LiLo's Accent Is Communication Accommodation Theory at Play

Getty Images / Tim P. Whitby

Anyone who thought Lindsay Lohan’s breathy, bizarre new pan-European accent was another of the troubled star’s attention-grabbing stunts couldn’t have been more wrong. Explaining to The Daily Mail that her accent is a mixture of several languages she’s been learning, the budding polyglot simultaneously silenced her haters and validated a well-established communication model called Communication Accommodation Theory.

According to this model, developed in the 1970s by UCSB communications professor Howard Giles, Ph.D., Lohan is taking on the accents of the people she’s been speaking with to facilitate communication with them. Seeing as she is “fluent in French, can understand Russian, and is learning Turkish, Italian, and Arabic,” it makes complete sense that her accent would be a little confused: In her attempt to reduce the social differences between her and her very international pals, she’s subconsciously adjusted her speech patterns to accommodate the linguistic needs of a lot of people.

LiLo is, actually, a linguistic diplomat.

The Communication Accommodation theory explains that the process of “convergence” — that is, the ways a person like LiLo adapts to her friends’ communication habits — reduces the perceived social differences between them, thereby making all parties feel like they are part of the same group. A social psychology model called Social Identity Theory explains why she’d want to do this: It says that people are constantly trying to keep up a positive social identity, and one of the best ways to do so is fitting in with a group.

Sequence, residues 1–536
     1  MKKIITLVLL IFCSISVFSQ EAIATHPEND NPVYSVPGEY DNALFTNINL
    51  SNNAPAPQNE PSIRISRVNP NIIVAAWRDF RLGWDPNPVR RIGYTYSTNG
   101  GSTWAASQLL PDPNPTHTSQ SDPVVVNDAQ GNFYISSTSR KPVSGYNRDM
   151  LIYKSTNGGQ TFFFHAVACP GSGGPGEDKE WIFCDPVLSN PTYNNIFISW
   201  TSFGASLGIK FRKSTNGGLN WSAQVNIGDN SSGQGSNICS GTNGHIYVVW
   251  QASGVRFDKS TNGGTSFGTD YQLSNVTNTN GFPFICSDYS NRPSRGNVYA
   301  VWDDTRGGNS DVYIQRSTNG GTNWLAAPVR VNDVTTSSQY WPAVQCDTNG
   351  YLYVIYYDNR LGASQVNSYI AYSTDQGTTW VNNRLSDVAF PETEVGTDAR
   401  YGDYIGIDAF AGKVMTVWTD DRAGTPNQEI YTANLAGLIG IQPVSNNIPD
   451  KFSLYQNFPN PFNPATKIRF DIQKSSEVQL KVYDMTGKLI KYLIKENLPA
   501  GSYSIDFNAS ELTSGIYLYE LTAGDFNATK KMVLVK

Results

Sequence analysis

The problem Lohan has run into is that she is trying to fit into too many groups simultaneously: Her over-ambitious linguistic goals seem to be backfiring.

It’s possible, also, that it isn’t just her speech that’s confused. Giles’ theory actually stemmed out of an older theory known as Speech Accommodation Theory, which attempted to explain why people specifically take on the linguistic tics of their interlocutors; adding to it the idea that mimicking other, nonverbal elements of communication might facilitate conversation as well, Giles predicts that LiLo might also display Russian, French, Turkish, Italian, and Arab mannerisms in her next interview.

While her garbled social identity might look and sound funny, at least we know she means well — and she’s got a good sense of humor about it. Both will probably prove helpful to her in the long term, seeing as she’s got a new nightclub in the middle of Europe to run.

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